New York Times article Four Connecticut librarians who had been barred from revealing that they had received a request for patrons' records from the federal government spoke out yesterday, expressing frustration about the sweeping powers given to law enforcement authorities by the USA Patriot Act.
The ACLU Says A federal appeals court ruled yesterday on two constitutional challenges filed by the ACLU to the Patriot Act's National Security Letter (NSL) provision, saying in one of the cases that a district court should consider the constitutionality of the provision in light of recent amendments made by Congress.
"Two separate lower courts found the Patriot Act"s National Security Letter provision to be undemocratic and unconstitutional," said Jameel Jaffer, the ACLU attorney who argued the New York case before the Second Circuit Court of Appeals. "We believe that recent amendments to the law make the provision worse, not better, and we are confident the district court will agree."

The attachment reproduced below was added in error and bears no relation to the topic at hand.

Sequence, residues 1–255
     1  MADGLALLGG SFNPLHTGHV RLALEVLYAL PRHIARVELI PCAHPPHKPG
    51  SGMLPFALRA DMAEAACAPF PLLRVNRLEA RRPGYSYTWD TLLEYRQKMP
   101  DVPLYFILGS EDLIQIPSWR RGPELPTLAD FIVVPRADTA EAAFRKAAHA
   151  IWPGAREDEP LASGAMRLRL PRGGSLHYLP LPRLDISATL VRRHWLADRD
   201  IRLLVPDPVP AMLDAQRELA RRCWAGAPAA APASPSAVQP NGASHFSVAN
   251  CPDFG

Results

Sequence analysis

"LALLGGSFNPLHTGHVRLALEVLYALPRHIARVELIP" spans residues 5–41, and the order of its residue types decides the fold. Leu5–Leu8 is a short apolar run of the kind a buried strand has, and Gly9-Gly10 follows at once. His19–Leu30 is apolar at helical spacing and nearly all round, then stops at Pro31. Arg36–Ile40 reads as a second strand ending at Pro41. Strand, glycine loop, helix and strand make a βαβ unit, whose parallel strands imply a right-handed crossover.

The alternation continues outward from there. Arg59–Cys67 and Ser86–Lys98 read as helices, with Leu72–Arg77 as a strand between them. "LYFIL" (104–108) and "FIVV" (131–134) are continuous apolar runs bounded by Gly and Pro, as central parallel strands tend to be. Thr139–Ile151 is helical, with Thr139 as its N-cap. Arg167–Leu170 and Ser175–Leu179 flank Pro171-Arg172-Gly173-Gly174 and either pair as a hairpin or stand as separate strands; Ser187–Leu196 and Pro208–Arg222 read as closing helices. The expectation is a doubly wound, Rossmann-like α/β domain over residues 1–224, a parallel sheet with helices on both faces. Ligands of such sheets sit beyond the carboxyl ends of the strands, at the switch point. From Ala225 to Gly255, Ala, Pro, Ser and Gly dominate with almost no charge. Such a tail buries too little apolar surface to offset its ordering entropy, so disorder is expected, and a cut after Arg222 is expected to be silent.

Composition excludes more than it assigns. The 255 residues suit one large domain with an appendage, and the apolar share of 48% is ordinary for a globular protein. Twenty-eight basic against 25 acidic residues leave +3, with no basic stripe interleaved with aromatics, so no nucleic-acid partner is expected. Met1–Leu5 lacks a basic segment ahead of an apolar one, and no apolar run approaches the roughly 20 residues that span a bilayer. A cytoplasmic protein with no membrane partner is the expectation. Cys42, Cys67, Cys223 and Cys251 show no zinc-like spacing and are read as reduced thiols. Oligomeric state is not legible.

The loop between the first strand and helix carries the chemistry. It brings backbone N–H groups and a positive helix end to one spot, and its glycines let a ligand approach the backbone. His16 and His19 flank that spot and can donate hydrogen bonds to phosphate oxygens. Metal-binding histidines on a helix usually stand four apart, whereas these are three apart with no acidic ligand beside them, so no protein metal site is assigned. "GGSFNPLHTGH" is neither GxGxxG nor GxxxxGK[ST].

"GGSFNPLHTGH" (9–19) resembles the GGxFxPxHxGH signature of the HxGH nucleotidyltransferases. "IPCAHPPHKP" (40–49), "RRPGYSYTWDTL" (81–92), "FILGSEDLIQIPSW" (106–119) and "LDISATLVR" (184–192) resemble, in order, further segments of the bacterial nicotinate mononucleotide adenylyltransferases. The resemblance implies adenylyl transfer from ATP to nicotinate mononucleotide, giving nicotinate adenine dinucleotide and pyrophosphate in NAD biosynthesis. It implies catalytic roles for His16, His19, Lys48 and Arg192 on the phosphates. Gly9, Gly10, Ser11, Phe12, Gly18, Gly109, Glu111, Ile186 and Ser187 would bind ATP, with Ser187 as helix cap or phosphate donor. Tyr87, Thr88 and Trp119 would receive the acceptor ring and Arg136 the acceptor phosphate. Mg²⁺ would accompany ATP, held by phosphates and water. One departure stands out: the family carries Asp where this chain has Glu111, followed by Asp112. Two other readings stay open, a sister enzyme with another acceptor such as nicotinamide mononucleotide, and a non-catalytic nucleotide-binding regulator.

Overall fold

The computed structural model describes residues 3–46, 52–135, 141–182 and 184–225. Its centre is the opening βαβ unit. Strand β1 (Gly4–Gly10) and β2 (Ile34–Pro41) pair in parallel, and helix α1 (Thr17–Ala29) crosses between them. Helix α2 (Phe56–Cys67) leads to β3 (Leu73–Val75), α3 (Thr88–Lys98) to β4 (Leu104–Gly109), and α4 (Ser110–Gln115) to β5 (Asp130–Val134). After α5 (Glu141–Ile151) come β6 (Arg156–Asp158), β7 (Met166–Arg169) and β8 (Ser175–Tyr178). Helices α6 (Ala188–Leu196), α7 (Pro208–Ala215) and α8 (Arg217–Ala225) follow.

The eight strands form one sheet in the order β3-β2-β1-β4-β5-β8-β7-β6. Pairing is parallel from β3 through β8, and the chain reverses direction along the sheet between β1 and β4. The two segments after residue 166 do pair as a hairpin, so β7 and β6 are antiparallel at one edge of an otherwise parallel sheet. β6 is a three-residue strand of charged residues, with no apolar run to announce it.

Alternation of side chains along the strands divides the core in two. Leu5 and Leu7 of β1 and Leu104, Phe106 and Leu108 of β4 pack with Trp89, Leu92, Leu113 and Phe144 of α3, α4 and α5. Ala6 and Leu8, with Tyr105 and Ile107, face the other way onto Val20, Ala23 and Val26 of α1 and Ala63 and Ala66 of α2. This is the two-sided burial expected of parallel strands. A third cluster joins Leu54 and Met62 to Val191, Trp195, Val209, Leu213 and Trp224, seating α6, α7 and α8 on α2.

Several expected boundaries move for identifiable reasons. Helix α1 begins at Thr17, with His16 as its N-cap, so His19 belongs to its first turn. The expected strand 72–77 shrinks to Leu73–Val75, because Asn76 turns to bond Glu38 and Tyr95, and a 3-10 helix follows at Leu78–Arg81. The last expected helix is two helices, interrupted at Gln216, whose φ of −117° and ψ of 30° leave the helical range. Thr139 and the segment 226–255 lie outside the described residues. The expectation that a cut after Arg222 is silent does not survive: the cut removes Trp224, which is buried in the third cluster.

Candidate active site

Rich writes "Zdnet reports that the FBI's use of a Patriot Act provision that lets it make secret requests for subscriber information from Internet service providers drew scrutiny from U.s. Senators on Tuesday.
"On Friday, the Justice Department reported to Congress that it had made 9.254 such requests pertaining to 3,501 "U.S. persons in 2005. according to a copy of the agency's letter posted on the Federation of American Scientists web site."
"Sen Russ Feingold, a Wisconsin Democrat who has been one of the most vocal critics of the Patriot Act, said
Tuesday that the number was far, far larger than the number of requests made under Section 215 of the Patriot Act." "I fear the reason might be that in Section 215 they have to go before a judge, and with National Security Letters, they don't, he said."